Levothyroxine (Synthroid) is one of the most commonly prescribed medications in the country. Approximately 20 million Americans have a thyroid condition, so perhaps we shouldn’t be surprised that synthetic thyroid hormone is so widely used. There is significant confusion about the best way to take this medicine, however. What should people on Synthroid know about their drug?
Soy Milk Could Interfere with Synthroid Absorption:
Q. I thought soy milk was supposed to be a healthy food. My doctor diagnosed me with a low thyroid condition. I had checked to make sure there weren’t any food interactions with the Synthroid I was prescribed and didn’t see anything worrisome.
Then I started drinking a cup of soy milk per day. Over just a few months, I gained 25 pounds and my TSH reading rocketed up to four times what it had been.
I’ve been unable to take that weight gain off even with increasing dosages of Synthroid. My body temperature is low and I have debilitating fatigue. Are there supplements I should avoid?
A. If you take your Synthroid at the same time as soy milk or coffee, you may not absorb the full dose (Skelin et al, Clinical Therapeutics, Feb. 2017). Digestive disorders such as celiac disease, gastritis and lactose intolerance may also interfere with absorption. Your continuing symptoms suggest that you may not have restored your thyroid hormone to an adequate level. You may need to change your schedule so that you leave at least an hour between swallowing your pill and drinking your beverage.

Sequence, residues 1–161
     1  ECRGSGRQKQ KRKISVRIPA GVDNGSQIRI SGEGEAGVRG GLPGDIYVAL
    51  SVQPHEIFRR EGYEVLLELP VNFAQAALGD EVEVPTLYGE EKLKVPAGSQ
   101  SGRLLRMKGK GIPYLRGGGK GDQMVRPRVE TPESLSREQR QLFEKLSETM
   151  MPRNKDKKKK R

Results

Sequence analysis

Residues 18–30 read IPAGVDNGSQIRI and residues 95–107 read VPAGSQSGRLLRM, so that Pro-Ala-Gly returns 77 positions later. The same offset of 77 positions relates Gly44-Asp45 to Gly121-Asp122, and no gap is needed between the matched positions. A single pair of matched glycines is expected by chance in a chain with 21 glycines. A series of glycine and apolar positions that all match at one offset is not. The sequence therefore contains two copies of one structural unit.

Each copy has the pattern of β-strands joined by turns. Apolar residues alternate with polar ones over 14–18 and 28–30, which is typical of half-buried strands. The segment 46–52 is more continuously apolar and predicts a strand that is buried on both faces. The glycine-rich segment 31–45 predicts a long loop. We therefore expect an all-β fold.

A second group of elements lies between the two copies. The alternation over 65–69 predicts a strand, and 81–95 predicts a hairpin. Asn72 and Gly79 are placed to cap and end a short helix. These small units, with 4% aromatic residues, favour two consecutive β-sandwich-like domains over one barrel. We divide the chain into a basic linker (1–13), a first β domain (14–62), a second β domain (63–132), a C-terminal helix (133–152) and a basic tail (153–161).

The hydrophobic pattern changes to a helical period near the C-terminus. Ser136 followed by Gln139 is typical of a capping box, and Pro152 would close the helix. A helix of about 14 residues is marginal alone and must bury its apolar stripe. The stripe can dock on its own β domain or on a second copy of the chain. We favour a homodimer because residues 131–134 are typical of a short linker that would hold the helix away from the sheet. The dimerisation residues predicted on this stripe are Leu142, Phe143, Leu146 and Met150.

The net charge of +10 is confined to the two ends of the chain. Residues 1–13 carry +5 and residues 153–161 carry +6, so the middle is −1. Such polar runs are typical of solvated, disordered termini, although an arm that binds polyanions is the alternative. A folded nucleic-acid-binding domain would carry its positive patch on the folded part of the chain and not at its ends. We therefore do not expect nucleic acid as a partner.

People on Synthroid Should Check Their Supplements:
ConsumerLab.com recently summarized some interactions between Synthroid or levothyroxine and certain supplements. In addition to soy, minerals such as iron or calcium and antacids such as aluminum hydroxide or magnesium hydroxide can interfere with levothyroxine absorption. You should leave at least four hours between swallowing any of these and taking your thyroid hormone. Walnuts and grapefruit juice may also reduce or delay levothyroxine absorption (Synthroid Prescribing Information).
You can learn more about treating your thyroid problem from our Guide to Thyroid Hormones, available at www.PeoplesPharmacy.com. It describes the symptoms of thyroid gland imbalance and how to interpret blood tests for thyroid function. In addition, people on Synthroid can read about foods and medicines that may interfere with the absorption of this important medication.
Changing the Timing:
If taking your Synthroid in the morning is too complicated, you might consider taking it at bedtime. Many people find that easier than trying to take their pill at least an hour before their morning coffee and their supplements (Bolk et al, Archives of Internal Medicine, Dec. 13, 2010).
If that is not appealing, you might ask your doctor about a liquid formulation such as Tirosint. This form of levothyroxine does not interact significantly with coffee (Vita et al, Endocrine, Feb. 2013). It also appears less likely to interact with other drugs (Guglielmi et al, Endocrine, online Sep. 14, 2017).